Glen Burnie bomb-maker sentenced to 46 months in prison

A Glen Burnie man who admitted to building bombs in his home was sentenced in federal court Thursday to nearly four years in prison.

Todd Dwight Wheeler Jr., 28, wasn't the "next mad bomber," according to his attorney. Laura Robinson described Wheeler as a man with a troubled history, drug addiction and a fascination with explosives.

Police and fire officials began investigating Wheeler after he was taken to Baltimore Washington Medical Center in Glen Burnie on New Year's Day with a burned hand.

At Wheeler's home in the Harundale neighborhood of Glen Burnie, police say, investigators found a dozen homemade bombs, jars filled with chemicals, two improvised detonators, needles, bomb-making manuals and a disconnected booby trap on a rear door that they say could have fired a shotgun shell. They also found a pistol, a flare launcher and a signal launcher, they say.

At his grandparents' home in Millersville, police say, investigators found chemicals used to make explosives.

Wheeler admitted to investigators he had set off five improvised explosives at his home, police said. He told them the last one "blew off his pants."

Wheeler told U.S. District Judge William D. Quarles on Thursday that he apologized for putting his neighbors at risk by experimenting with bombs and explosives.

"I understand I could have hurt somebody," Wheeler said.

Wheeler was charged with more than 20 state violations, but many of the charges were dropped after his guilty plea in May to one federal charge of illegal possession of a firearm. Officials said in court documents that Wheeler was barred from owning firearms after a drug violation.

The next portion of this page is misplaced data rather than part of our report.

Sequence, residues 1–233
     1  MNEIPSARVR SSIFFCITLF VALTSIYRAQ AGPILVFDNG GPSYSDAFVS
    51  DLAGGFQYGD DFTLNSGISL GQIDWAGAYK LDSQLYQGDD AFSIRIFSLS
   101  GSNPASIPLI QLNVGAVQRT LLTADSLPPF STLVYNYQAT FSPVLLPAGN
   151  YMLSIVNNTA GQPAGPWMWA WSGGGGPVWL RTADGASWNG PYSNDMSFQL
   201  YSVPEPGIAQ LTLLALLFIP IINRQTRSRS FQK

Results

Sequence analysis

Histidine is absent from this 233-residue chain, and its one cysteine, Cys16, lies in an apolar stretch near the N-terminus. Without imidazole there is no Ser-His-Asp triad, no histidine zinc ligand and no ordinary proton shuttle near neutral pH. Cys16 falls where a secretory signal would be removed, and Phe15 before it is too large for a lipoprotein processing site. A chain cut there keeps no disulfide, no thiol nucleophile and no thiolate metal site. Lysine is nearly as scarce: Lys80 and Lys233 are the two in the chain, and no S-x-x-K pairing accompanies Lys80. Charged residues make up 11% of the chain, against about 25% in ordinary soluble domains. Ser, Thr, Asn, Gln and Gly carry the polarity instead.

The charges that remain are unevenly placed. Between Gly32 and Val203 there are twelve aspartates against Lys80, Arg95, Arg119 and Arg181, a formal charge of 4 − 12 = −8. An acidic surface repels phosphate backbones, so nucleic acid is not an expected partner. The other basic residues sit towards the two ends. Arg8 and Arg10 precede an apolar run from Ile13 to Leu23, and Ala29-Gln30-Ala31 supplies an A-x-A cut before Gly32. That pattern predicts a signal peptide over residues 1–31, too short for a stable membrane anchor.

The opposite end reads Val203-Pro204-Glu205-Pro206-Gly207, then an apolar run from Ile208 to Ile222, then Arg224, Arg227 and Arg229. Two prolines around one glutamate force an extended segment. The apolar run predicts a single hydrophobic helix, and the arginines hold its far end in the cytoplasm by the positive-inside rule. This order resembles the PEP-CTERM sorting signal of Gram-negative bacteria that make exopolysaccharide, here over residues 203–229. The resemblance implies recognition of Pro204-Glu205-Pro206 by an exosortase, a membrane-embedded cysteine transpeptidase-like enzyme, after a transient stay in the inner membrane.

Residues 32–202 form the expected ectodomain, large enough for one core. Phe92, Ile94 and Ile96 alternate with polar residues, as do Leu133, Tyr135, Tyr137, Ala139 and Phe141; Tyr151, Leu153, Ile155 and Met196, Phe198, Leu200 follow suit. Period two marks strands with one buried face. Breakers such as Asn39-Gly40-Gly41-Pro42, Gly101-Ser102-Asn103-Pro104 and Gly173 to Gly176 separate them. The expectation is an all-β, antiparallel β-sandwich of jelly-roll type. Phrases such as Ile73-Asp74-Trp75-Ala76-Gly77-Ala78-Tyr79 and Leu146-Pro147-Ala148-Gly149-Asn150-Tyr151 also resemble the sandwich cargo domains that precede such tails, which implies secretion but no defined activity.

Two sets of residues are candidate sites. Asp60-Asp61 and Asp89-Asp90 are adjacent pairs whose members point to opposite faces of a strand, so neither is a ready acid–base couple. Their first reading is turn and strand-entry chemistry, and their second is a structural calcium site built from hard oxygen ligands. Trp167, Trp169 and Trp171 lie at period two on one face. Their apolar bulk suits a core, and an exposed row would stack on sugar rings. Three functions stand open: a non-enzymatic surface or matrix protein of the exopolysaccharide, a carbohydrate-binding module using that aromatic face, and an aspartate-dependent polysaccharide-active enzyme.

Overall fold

Wheeler could have been sentenced to up to 10 years in prison, but Robinson and Assistant U.S. Attorney A. David Copperthite asked for a sentence at the low end of sentencing guidelines.

Quarles sentenced him to 46 months in prison and three years of supervised release.

Copperthite said he was struck by photographs of Wheeler over the years that showed the toll drugs took on him.

"You could see his deterioration along the way," Copperthite said.

Wheeler looked markedly different in court Thursday from his January booking photo, when he was thin, with blank eyes. In court, he was heavier and attentive to the proceedings.

The man who built bombs "doesn't seem to be the same person sitting here," Copperthite said.

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